Overview of Kawasaki Disease

A Type of Arthritis and Form of Systemic Vasculitis

Toddler being examined by a doctor
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Kawasaki disease is one of more than 100 types of arthritis, according to the Arthritis Foundation. Kawasaki disease is a form of systemic vasculitis that develops in young children; 80% of Kawasaki patients are under 5 years old.

Tomasaku Kawasaki first identified the disease in 1967 in Japan. Before being designated as Kawasaki disease, the condition was known as mucocutaneous lymph node syndrome. It is also referred to as Kawasaki's disease, Kawasaki's syndrome and infantile polyarteritis.


Kawasaki disease may be associated with the development of coronary arteritis (inflammation of the coronary arteries) and the formation of aneurysms. In the United States, Kawasaki disease is considered the leading cause of acquired heart disease in children.

Kawasaki disease develops quickly and runs an aggressive course over a period of weeks. Typically, the condition then resolves. Even though it resolves, though, there can be cardiac complications years later.

Other symptoms associated with Kawasaki disease include:

  • spiking fevers that last 5 or more days (required to make a diagnosis of Kawasaki Disease)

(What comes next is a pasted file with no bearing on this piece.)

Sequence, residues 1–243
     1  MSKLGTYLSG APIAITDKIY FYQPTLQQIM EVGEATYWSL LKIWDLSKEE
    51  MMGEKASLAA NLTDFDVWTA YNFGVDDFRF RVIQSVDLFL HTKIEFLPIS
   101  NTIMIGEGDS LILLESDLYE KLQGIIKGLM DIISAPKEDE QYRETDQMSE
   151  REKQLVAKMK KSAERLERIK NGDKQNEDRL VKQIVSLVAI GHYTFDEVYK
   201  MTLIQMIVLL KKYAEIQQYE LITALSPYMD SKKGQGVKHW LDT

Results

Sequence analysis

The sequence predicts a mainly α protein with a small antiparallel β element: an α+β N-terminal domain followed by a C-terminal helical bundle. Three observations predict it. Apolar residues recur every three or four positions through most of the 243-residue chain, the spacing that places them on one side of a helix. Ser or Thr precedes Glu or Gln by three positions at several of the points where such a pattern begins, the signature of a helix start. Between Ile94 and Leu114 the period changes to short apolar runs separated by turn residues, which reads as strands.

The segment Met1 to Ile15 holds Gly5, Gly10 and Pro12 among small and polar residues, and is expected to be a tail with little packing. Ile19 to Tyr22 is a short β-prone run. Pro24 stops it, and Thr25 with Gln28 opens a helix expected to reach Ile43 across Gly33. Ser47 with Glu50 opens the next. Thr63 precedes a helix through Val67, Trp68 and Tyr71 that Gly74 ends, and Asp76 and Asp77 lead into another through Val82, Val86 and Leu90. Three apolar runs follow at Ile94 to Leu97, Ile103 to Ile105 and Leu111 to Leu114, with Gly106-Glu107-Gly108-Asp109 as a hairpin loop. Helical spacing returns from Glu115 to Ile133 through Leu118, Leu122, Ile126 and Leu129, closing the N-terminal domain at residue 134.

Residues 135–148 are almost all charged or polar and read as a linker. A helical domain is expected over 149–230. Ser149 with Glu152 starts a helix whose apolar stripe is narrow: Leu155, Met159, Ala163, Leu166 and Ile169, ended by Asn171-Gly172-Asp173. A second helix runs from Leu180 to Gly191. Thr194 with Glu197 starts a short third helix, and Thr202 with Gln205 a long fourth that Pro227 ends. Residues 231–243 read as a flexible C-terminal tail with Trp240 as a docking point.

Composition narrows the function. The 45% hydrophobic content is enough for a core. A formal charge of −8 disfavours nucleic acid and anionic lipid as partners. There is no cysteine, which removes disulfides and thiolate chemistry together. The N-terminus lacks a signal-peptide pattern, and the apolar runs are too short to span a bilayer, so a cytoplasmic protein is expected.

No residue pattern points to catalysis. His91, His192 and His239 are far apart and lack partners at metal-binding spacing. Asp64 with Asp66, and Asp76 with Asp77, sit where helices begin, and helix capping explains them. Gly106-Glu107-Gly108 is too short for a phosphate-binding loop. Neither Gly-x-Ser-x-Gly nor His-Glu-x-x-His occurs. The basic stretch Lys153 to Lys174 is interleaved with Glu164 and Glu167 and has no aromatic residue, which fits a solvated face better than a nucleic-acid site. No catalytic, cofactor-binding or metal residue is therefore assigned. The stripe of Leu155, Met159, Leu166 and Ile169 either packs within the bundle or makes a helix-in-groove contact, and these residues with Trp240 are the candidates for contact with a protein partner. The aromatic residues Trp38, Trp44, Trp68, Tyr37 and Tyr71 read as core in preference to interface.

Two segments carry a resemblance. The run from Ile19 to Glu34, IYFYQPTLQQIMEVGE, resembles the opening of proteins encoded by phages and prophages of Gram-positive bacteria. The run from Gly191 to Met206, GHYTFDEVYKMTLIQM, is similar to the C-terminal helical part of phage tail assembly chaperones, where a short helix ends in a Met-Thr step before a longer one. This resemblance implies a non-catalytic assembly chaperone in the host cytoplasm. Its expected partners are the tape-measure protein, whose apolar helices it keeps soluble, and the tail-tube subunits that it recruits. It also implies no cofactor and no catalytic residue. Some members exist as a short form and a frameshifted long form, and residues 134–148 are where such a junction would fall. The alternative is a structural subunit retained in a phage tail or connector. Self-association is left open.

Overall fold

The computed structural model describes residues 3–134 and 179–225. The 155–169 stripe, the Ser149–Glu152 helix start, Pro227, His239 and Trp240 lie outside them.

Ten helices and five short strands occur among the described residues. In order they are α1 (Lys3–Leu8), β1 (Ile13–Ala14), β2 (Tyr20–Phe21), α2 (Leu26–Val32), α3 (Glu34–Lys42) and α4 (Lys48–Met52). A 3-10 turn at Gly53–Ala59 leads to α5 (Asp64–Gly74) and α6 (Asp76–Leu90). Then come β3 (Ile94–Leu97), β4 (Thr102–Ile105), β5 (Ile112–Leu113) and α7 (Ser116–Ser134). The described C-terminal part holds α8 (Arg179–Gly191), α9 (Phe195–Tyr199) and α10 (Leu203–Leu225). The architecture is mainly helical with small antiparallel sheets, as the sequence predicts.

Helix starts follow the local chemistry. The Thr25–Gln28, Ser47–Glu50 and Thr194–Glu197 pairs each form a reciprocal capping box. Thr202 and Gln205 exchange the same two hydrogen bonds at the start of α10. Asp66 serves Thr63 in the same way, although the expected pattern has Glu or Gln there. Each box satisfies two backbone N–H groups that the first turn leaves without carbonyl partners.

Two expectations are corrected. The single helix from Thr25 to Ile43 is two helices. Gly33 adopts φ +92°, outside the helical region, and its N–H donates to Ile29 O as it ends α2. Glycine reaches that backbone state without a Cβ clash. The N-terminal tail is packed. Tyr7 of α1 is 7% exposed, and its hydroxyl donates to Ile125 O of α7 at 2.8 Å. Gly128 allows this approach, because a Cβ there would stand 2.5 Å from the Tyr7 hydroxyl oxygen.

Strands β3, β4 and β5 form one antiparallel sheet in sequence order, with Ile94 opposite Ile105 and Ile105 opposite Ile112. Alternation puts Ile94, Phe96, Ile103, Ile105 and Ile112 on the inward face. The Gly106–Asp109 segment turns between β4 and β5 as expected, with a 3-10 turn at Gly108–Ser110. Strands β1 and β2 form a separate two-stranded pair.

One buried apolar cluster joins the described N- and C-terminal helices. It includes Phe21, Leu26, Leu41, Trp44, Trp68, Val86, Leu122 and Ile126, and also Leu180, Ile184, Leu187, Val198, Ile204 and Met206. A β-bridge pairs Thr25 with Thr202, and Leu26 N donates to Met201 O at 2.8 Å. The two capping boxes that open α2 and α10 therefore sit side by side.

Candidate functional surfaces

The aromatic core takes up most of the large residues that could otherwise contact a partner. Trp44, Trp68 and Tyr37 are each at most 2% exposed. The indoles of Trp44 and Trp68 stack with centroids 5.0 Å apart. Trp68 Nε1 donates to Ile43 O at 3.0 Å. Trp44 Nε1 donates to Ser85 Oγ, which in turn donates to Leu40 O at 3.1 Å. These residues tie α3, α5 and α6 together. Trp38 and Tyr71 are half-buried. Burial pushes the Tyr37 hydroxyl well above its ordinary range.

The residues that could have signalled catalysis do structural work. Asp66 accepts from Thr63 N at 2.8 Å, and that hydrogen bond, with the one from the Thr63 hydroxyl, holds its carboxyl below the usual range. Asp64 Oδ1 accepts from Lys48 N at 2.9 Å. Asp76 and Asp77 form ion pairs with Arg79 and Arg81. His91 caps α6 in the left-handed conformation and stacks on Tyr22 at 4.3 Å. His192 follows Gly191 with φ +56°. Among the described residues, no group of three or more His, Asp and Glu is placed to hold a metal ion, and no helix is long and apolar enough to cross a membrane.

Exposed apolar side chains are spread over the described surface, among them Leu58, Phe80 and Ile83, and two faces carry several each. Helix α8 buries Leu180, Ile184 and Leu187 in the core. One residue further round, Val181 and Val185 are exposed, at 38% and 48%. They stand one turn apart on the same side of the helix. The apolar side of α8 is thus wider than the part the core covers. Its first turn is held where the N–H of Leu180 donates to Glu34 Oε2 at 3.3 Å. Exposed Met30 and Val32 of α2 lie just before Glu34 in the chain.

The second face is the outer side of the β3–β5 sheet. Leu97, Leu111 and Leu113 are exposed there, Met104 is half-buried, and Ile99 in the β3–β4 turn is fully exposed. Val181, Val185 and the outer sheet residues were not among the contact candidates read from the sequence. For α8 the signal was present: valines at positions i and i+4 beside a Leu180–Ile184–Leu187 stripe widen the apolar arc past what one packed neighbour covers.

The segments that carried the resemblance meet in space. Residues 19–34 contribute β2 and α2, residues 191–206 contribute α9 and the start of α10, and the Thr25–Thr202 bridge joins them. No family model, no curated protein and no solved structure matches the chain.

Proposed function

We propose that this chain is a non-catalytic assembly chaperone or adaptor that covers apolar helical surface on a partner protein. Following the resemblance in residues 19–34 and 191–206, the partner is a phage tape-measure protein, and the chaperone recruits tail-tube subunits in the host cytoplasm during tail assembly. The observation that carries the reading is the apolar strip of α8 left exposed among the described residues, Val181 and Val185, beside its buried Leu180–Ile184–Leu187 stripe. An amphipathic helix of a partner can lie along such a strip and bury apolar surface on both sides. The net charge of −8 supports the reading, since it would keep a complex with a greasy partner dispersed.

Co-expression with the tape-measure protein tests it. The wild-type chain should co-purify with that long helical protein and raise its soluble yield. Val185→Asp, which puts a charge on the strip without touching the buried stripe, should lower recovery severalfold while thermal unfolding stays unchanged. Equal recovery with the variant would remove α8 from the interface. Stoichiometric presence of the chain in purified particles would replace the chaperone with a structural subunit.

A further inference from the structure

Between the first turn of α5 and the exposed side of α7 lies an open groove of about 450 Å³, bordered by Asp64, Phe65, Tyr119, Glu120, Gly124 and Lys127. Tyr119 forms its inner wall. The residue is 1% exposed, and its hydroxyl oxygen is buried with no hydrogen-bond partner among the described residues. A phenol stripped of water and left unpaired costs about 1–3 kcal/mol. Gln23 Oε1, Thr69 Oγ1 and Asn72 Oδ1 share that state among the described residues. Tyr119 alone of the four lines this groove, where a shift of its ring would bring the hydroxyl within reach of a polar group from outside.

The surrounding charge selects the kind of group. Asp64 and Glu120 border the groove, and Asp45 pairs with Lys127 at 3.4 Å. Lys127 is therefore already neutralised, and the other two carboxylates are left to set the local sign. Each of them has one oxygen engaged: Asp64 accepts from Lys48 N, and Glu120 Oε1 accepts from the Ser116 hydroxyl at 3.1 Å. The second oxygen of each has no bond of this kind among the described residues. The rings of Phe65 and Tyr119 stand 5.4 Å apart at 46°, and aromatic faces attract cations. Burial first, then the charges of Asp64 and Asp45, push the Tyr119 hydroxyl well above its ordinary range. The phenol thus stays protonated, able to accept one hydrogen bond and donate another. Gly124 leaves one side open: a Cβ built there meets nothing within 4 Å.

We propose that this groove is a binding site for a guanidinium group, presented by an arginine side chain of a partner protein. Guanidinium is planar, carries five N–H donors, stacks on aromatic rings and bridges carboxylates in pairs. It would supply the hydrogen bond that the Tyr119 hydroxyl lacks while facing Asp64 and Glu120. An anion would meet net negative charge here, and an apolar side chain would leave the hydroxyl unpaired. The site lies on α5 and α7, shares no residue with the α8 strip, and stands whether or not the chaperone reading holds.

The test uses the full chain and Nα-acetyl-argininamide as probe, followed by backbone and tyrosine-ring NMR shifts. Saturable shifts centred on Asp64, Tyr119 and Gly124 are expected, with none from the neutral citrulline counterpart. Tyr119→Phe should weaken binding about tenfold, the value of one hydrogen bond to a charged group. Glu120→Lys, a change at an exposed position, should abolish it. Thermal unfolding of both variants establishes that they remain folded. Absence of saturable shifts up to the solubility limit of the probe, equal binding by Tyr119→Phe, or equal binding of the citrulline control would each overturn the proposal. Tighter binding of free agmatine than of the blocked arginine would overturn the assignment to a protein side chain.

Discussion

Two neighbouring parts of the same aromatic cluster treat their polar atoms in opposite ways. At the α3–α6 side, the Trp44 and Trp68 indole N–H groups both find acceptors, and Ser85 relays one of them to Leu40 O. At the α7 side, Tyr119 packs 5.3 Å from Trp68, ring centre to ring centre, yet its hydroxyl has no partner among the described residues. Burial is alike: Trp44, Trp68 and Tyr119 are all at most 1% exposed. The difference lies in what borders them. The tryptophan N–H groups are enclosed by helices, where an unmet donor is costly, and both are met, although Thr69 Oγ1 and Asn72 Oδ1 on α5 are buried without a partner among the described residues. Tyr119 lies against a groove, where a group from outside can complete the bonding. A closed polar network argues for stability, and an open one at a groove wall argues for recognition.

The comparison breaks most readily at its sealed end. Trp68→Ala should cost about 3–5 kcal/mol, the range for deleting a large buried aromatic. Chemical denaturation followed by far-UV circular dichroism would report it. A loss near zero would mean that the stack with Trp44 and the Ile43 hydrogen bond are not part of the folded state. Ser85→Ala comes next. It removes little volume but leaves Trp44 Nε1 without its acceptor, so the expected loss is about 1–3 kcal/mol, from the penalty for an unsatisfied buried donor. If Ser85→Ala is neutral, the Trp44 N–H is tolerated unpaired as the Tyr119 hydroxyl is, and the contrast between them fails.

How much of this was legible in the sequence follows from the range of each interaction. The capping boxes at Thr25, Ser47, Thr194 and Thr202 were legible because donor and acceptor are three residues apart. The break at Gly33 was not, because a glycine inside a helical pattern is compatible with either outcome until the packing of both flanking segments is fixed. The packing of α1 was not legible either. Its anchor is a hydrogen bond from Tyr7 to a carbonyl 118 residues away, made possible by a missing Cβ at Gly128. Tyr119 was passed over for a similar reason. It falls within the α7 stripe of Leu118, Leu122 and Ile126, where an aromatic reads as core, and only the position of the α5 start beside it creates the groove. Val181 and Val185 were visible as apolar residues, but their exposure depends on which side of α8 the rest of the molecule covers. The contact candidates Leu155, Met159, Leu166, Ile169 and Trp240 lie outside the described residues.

• inflamed conjunctiva (eyes) without pus
  • red chapped lips
  • red mucous membranes in the mouth
  • red tongue that has the appearance of a strawberry
  • rashes on the trunk of the body
  • red palms of hands and red soles of feet
  • edema of hands and feet
  • peeling skin on hands, feet, and genitals
  • swollen lymph node usually near the neck
  • joint pain and swelling often on both sides of the body

Other unusual findings that can occur with Kawasaki disease include aseptic meningitis, sterile pyuria and urethritis, diarrhea, abdominal pain, pericardial effusion, obstructive jaundice, and hydrops of the gallbladder.


Some suspect there is an infectious cause of Kawasaki disease, but none has been proven. There are several immunologic irregularities linked with Kawasaki disease, and some believe it is an autoimmune condition.


In the United States, Kawasaki disease affects 4,000 children each year. It is more prevalent in Japan where it was discovered with 5,000 to 6,000 cases each year.


Once the disease is diagnosed, quick treatment is recommended so that damage to coronary arteries and heart can be prevented. Intravenous immune globulin (IVIG) given in high doses is considered standard treatment for Kawasaki disease. High-dose aspirin is typically a part of the treatment plan as well. Glucocorticoids are usually not used to treat Kawasaki disease.​

With early treatment for Kawasaki disease, full recovery is possible for most, but 2% of Kawasaki disease patients die from complications of coronary artery inflammation. It is recommended that patients who have had Kawasaki disease have an EKG (echocardiogram) every one or two years to check for residual heart problems.

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Article Sources
  • Vasculitides. Kawasaki's Disease (Chapter 21). Primer on the Rheumatic Diseases. 13 Edition. Published by Arthritis Foundation. Klippel J. et al.
  • It's Not Just Growing Pains. Kawasaki Disease Chapter 17. Thomas J.A. Lehman, MD. Oxford University Press. 2004.
  • Kawasaki Disease. MedlinePlus. NLM and NIH. 11/29/2006.